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Education in Italy

Immigration And Visa

How your immigration status changes after graduation
EU students don’t need a work visa to continue working in Italy after graduation. But for non-EU students who want to work in Italy, a work permit is necessary. This means that non-EU students cannot work full-time in Italy on a student visa and instead need to apply to change the type of their residence permits since this is a part of Italy’s immigration process.

If you’re a non-EU student who wants to work in Italy after your studies, you will need to convert your student residence permit into a work permit by visiting the immigration office of the area you reside in.

The conditions are different for:

Studying in Italy is considerably cheaper than in other countries. On average, tuition fees at public Italian universities range from €500 to €4,000 per year. They can vary depending on the course you enrol in and, most importantly, based on your family income. You will need to submit an application to have your household income assessed in order for the university to determine your fee level. This means your fees could end up being considerably cheaper.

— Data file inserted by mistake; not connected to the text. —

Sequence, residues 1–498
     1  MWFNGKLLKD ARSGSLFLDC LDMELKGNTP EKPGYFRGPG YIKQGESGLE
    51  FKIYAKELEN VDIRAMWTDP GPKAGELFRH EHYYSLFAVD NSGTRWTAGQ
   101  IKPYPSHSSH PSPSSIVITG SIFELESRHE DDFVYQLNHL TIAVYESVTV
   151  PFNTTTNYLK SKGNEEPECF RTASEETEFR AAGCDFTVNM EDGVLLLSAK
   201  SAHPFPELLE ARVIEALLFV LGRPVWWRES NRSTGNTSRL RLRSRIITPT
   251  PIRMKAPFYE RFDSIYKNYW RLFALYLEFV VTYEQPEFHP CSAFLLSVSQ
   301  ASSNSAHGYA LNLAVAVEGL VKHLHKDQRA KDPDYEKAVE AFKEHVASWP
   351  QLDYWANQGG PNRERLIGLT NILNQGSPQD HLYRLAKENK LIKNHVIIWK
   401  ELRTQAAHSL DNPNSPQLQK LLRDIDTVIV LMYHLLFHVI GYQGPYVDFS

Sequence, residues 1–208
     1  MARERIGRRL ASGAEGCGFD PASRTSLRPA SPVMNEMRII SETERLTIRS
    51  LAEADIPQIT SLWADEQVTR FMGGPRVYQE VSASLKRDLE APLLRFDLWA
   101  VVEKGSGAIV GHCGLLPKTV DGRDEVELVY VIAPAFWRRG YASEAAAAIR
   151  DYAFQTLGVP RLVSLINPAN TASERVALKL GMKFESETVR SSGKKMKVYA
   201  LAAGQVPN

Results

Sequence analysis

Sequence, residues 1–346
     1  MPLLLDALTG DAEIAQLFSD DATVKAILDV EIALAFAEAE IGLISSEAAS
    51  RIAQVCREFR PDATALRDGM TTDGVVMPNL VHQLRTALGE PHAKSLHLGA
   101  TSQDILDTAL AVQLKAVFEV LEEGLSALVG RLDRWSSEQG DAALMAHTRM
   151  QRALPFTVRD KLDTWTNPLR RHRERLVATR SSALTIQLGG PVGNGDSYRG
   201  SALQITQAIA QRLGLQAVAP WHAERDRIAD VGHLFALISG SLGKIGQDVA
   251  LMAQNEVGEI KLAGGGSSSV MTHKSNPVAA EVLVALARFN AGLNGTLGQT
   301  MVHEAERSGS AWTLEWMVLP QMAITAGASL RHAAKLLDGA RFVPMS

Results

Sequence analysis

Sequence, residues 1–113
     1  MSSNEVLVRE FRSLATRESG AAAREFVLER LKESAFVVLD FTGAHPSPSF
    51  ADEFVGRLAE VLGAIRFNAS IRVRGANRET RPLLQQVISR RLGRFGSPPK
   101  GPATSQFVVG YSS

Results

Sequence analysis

• students who change their minds about their studies: If you no longer wish to continue your studies in Italy and want to continue working there instead, you may apply for Procedure Flussi which will convert your student visa into a work permit, given that you’ve found a job. This is subject to the quotas of conversion of residence permits announced by the Italian government.  
  • students who graduate and find a full-time or a part-time job in Italy: If you’ve found a job after your studies, you need to ask the police headquarters to convert your residence permit. You can then go to the post office to collect the necessary kits and fill in the documents to update your residence permit.